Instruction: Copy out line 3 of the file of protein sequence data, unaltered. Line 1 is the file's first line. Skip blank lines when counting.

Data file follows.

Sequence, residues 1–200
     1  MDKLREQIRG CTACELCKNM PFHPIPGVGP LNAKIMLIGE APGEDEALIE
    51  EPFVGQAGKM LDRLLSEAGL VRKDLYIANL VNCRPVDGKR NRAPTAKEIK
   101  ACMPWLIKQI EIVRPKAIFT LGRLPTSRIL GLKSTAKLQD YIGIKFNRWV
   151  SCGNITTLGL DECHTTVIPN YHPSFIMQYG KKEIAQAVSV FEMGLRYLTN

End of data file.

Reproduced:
    51  EPFVGQAGKM LDRLLSEAGL VRKDLYIANL VNCRPVDGKR NRAPTAKEIK